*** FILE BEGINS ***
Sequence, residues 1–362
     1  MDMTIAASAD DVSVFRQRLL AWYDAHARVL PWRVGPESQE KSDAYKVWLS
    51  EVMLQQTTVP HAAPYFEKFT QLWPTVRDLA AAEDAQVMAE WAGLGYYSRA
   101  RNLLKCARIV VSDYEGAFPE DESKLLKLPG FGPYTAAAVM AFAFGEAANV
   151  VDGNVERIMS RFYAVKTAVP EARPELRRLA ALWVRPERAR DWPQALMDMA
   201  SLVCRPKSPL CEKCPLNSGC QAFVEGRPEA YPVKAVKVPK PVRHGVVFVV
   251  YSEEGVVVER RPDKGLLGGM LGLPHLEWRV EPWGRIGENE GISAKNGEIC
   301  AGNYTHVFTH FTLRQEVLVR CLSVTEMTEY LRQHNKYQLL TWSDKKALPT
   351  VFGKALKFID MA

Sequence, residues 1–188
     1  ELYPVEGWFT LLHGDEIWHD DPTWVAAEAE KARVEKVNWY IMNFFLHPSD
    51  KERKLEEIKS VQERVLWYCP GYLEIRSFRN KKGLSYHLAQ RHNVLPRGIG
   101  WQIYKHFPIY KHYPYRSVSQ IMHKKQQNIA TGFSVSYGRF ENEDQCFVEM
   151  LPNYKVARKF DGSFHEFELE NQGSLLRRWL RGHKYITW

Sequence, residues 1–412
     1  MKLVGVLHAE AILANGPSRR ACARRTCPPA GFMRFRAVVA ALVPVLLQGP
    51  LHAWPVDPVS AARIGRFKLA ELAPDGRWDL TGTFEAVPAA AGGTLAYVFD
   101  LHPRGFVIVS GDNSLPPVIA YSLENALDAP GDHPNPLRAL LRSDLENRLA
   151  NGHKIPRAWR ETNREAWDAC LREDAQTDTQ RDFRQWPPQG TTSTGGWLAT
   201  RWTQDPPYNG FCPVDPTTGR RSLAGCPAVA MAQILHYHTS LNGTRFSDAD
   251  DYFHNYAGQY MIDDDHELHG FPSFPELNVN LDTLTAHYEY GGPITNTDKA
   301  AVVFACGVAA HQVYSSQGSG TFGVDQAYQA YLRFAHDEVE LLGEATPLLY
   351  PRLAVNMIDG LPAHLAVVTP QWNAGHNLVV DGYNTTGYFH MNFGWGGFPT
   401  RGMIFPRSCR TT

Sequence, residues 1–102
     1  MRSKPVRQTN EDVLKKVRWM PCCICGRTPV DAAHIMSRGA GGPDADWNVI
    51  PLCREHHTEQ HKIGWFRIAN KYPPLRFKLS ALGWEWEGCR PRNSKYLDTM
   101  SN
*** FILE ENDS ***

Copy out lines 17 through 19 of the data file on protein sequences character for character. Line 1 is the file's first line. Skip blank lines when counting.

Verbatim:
    51  LHAWPVDPVS AARIGRFKLA ELAPDGRWDL TGTFEAVPAA AGGTLAYVFD
   101  LHPRGFVIVS GDNSLPPVIA YSLENALDAP GDHPNPLRAL LRSDLENRLA
   151  NGHKIPRAWR ETNREAWDAC LREDAQTDTQ RDFRQWPPQG TTSTGGWLAT